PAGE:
Film Review: Kingsman: The Secret Service

To say that I was a little bit apprehensive of Kingsman: The Secret Service is an understatement. I, like a lot of people I’m sure, when first hearing that Colin Firth was playing a “posh spy” conjured up images of slow, stuffy elitism; James Bond with a cucumber sandwich and a Barbour coat  if you will. And then I saw the trailer, which hit me squarely between the eyes with silly, slapstick tomfoolery that appeared to be a step and a half outside reality, let alone the ideas of anything remotely sane, interesting or upper-class. To say I instantly wrote the film off would be more than a fair and accurate conclusion.

And things seemed to be confirmed and compounded when, in the run up to its release every poster and trailer that demanded my attention was headed by Matthew Vaughan, Director of Kickass, a marketing move that seemed a little odd to say the least. With Hollywood big-hitters like Michael Caine, Samuel L Jackson and the aforementioned Firth leading the troupes, utilising the director and not it’s cast as the main marketing angle seemed to strike as the final proof that this film was going to be bad.

Paddington Colin Firth - Kingsman: The Secret Service

Yet, when the reviews arrived people claimed it was good? Divisive, ultra violent and extraordinarily rude; but good. Had I misjudged it? So through slightly gritted teeth I took the plunge and went to see it. And annoyingly, the movie I found, wasn’t good. It was bloody great!

Firstly, my worries about Firth are misplaced. While I normally have a natural withdrawal from him as I’ve spoken about in previous reviews, this time around the fit is as good as his suits. He is perfect for the role. He won me over, I forgot he was Firth and aside from an opening 10 minutes when my brain was stuck going “yeah his voice just wouldn’t have worked for Paddington“. I can safely say, that nobody could have played this part better.

A lot has also been made of just how violent and foul of language it is. But I didn’t actually find it that way if I’m honest. I’ve seen more shockingly grotesque films and yes, the language is rude more often than not, but it fits and feels right. It’s all a question of context and tone. It’s a paradoxical comedy. It’s a serious joke. Kingsman: The Secret Service reminds me greatly of the Hot Shots! spoofs of the early nineties. They are there to poke fun about the genre in which they sit. They aren’t designed to stand on their own two feet or be independent. They are a narrative one-liner at the seriousness of the world around them. And it does it brilliant because it knows this. I love the imagery, the sleight of hand references to Bond, Star Wars and even The Shinning that litter the film, and the use of the soundtrack to enhance the comedic impact while lessen the shocking nature is pure film making magic.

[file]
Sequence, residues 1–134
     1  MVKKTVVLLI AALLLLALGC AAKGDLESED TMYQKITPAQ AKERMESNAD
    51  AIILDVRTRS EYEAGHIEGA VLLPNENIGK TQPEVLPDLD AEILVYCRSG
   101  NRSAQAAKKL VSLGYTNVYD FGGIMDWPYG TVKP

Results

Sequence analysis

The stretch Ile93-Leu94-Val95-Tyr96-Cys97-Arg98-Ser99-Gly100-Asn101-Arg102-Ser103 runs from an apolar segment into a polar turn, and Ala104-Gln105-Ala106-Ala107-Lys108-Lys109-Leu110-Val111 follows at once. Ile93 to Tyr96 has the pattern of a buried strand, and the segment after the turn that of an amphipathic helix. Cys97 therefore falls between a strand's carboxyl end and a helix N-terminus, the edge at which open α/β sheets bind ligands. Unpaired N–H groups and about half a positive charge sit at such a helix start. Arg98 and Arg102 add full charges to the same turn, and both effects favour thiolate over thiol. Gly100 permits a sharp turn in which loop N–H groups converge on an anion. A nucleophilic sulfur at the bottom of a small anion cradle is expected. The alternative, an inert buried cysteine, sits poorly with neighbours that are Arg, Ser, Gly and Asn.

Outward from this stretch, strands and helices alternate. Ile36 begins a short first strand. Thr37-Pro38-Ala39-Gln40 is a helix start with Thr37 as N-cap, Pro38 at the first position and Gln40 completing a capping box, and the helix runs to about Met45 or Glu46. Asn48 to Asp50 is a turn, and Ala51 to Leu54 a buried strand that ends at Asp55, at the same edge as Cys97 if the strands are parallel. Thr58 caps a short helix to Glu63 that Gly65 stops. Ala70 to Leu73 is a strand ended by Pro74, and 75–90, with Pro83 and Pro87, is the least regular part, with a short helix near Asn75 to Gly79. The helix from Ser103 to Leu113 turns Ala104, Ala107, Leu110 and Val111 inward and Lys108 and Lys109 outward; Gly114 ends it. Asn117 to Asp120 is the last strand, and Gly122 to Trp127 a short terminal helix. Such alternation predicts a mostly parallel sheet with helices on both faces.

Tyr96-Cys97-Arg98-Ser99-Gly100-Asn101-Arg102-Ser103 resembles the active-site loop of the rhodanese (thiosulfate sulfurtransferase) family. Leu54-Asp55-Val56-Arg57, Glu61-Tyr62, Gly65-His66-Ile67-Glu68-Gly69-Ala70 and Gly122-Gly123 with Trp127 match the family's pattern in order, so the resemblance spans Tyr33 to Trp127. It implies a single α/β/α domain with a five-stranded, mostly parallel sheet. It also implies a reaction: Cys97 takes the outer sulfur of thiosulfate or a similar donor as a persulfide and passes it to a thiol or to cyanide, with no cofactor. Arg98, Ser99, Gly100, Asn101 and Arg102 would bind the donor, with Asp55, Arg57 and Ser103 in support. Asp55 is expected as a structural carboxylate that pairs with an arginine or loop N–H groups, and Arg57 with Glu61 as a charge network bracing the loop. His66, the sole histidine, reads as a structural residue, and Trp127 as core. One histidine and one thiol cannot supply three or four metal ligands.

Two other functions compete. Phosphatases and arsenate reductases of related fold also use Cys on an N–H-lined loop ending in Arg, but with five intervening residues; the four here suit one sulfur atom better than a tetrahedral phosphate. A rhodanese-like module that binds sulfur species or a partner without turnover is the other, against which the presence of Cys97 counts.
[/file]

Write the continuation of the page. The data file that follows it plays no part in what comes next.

Hot Shots! Part Deux (Kill Count) - Kingsman: The Secret Service

A lot has been made though that it takes it’s displays of violence one step too far, and a particular event in a church is often referenced as proof and yet for me, once again, it’s a false accusation to throw at the film. Hot Shots! put a kill count on screen and everybody laughed. Kingsman put a crucifix and everybody tutted and said “that’s not on”. In fact, I’d go as far to say that I was almost wanting more violence! Not because the film needs it, but because everyone had said this film was so violent that for a large part of it I was feeling entertainingly cheated. I enjoyed it but couldn’t work out what people were on about. I constantly expected it to burst into a hail of gun fire and it never really happens. But it never needs to either.

For a film with comedic intentions, it certainly isn’t roll on the floor with laughter funny. But once again, it’s a case of tone and context, because it’s not that type of comedy. It’s sprinkled with a few one liners that land a decent chuckle, and it uses them to lighten the mood just enough to ensure it keeps you on side and balances everything out when the bullets do start flying but it’s a subtle brand of humour rather than a full slapstick routine.

All is not brilliant though. Because at times the film is a little predictable, you can arrive regularly ahead of the plot and it then labours to point out what you’ve already guessed but I can forgive it because underneath it all is a thoroughly implausible but fun story. And there is one scene that felt comedically immature. Resulting in me losing interest briefly in the film because I felt it just a bit too silly, too lowest common denominator. I guessed it’d happen, but how they portray it felt cheap in comparison to the rest of the film.

Taron Egerton & Michael Caine - Kingsman: The Secret Service

Worse of all though is the fact that the film feels set up for a franchise, or at minimum a sequel, and I don’t really want one. I don’t feel like it needs one. I almost feel that Kingsman: The Secret Service has played it’s hand and made it’s point in such a surprisingly good way that to risk it all by coming back is a risk not worth taking.

I prejudged Kingsman: The Secret Service; doubting it’s credentials to be anything other than a complete disaster and yet, have come away having had one of my best cinematic experiences in a very long time. Having been bombarded recently with heavy, thought provoking Oscar bait (Whiplash, The Theory Of Everything, American Sniper etc.) to have an afternoon of simple mindless escapism that is created with such wonderful precision is not only needed and wanted but also, the perfect reminder of just how varied, fulfilling and individualised cinema can be.

9 out of 10 stars (9 / 10)

Posted on by 5WC in Film First Edition

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